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COPD requires novel therapeutic approaches to impact the prevalent respiratory condition

Dr Kathleen Rickard, MD, Chief Medical Officer, Verona Pharma

Chronic Obstructive Pulmonary Disease (COPD) is the third leading cause of death worldwide affecting more than 384 million patients. The condition causes progressive loss of lung function leading to debilitating breathlessness, hospitalizations, and death. Patients struggle to perform basic daily activities such as getting up, eating, and walking and often have difficulty sleeping. In addition, it prevents people from socializing and enjoying hobbies resulting in frustration, anxiety, and depression.

The burden of COPD does not only impact patients and caregivers, medical systems are also affected on a daily basis. In the US, direct and in-direct costs associated with the treatment of COPD total a staggering $50 billion per annum. Despite its widespread impact and spiralling medical costs, COPD receives little media coverage and no new classes of therapeutics have been approved in over a decade.

Although the damage COPD causes to the lungs is permanent, treatment can help to alleviate symptoms to improve patients’ quality of life. However, there is no cure for COPD and, eventually, the condition progresses, and patients continue to experience symptoms despite existing medications. Current standard of care is limited to three mechanisms of action, long acting muscarinic agents (LAMAs), long acting beta-adrenoceptor agonists (LABAs) and inhaled corticosteroids (ICS). LAMAs and LABAs are bronchodilators, designed to relieve airway constriction and make it easier to breathe, while ICS act as anti-inflammatory agents designed to prevent exacerbations, periods where symptoms suddenly escalate.

Some COPD patients are treated with the phosphodiesterase (PDE) 4 inhibitor, roflumilast, which received approval from the US Food and Drug Administration in 2011 and reduces the risk of COPD exacerbations. While roflumilast has been shown to reduce exacerbations, its oral delivery results in systemic exposure and its use has been limited by unfavorable gastrointestinal side-effects including nausea, emesis, diarrhea, abdominal pain, loss of appetite and weight loss.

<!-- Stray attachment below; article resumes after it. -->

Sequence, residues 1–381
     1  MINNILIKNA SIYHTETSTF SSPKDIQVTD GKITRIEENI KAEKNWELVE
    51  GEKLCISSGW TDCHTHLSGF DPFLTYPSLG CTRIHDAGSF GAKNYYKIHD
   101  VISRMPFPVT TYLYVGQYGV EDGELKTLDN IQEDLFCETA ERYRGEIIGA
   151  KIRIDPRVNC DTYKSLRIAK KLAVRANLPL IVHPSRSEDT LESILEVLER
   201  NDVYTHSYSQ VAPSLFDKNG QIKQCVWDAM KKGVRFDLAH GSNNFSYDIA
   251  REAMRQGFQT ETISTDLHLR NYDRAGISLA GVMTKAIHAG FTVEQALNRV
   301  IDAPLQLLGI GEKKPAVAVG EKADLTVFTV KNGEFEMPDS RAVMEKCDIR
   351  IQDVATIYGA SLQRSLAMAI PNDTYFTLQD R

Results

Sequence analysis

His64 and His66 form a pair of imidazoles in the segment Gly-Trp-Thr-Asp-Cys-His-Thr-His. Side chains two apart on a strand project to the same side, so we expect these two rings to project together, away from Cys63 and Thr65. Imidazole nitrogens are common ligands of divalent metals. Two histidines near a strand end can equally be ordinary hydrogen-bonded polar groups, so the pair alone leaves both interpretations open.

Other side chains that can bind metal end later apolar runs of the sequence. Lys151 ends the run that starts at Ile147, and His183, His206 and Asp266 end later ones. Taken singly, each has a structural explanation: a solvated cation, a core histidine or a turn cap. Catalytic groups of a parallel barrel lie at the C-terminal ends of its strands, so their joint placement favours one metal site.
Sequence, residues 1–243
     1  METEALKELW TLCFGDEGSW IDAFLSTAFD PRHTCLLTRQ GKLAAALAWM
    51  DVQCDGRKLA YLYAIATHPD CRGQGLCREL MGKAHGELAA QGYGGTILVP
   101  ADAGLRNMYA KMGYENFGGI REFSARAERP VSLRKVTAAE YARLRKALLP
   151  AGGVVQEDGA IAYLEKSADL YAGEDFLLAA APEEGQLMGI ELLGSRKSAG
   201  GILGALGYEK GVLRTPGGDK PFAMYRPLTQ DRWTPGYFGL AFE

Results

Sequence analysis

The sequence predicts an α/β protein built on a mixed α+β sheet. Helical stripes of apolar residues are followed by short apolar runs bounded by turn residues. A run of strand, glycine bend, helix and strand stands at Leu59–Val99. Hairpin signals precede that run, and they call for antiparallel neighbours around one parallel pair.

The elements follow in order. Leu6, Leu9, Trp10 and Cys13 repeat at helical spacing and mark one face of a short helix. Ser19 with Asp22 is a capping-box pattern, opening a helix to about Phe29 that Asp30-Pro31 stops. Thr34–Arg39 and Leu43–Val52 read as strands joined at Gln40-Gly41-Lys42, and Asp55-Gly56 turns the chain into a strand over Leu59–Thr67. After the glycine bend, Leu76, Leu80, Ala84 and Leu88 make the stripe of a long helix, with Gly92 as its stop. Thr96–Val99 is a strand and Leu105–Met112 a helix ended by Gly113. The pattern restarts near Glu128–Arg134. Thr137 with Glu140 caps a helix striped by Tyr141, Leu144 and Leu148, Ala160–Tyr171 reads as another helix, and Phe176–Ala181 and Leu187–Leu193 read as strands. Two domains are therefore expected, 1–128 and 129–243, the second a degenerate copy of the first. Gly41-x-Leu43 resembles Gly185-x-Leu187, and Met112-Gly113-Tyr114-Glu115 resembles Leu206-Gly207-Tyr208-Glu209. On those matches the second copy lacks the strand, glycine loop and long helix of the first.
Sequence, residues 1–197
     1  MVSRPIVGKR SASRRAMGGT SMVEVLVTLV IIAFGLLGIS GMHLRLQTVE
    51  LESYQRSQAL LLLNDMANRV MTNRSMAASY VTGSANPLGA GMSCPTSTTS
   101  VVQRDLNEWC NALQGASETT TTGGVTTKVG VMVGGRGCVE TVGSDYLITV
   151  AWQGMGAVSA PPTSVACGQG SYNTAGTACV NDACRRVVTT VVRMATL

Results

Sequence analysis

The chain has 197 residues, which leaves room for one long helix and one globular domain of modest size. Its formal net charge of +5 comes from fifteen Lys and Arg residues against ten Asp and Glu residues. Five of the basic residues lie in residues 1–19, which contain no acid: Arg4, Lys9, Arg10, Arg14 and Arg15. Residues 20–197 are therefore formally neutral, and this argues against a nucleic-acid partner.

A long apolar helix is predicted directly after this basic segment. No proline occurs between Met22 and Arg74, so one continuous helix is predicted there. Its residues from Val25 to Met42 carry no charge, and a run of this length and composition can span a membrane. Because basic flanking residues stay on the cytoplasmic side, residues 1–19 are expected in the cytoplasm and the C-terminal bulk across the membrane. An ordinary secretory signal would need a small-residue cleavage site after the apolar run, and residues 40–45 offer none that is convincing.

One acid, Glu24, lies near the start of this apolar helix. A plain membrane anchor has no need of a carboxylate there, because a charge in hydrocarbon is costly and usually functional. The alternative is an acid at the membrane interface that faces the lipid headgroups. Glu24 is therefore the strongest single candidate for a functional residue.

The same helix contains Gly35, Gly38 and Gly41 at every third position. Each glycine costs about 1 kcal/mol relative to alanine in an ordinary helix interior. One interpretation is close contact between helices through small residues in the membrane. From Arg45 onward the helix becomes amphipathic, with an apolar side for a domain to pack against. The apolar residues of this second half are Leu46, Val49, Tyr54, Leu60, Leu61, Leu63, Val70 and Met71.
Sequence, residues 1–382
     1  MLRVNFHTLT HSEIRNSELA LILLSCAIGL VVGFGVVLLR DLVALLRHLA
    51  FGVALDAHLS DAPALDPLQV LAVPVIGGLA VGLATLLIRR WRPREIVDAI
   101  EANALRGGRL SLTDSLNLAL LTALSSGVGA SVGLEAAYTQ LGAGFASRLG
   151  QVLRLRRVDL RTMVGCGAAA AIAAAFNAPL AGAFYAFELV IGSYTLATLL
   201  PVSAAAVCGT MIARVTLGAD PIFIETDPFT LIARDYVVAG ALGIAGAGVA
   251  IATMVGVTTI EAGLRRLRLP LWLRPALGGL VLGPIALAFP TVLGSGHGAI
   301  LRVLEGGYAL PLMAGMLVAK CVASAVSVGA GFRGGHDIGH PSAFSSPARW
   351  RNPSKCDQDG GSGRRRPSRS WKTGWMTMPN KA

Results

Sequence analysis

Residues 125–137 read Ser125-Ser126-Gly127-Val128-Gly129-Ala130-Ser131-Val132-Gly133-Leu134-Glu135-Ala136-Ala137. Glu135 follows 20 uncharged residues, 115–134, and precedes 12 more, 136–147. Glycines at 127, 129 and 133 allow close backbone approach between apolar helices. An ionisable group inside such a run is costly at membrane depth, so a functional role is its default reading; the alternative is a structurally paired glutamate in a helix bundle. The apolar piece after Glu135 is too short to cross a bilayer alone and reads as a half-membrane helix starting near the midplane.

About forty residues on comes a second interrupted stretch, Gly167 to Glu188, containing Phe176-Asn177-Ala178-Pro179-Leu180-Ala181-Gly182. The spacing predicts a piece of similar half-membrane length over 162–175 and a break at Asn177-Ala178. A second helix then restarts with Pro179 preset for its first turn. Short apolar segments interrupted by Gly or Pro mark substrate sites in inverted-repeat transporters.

Unfortunately, despite the availability of these treatments, alone or in combination, many patients remain symptomatic with their wellbeing and daily routines severely compromised through restricted activity. In the US alone, over one million patients remain uncontrolled and symptomatic. These patients urgently require novel, alternative treatments to help manage their COPD.

Ensifentrine is a first-in-class, inhaled, dual inhibitor of the enzymes phosphodiesterase (PDE) 3 and 4 with the potential to be an effective maintenance treatment for COPD and other respiratory diseases including asthma and cystic fibrosis. Its therapeutic profile enables it to act as both a bronchodilator and an anti-inflammatory and potentially differentiates ensifentrine from available therapies. Currently, no dual PDE3 and PDE4 inhibitor is on the market or in clinical development.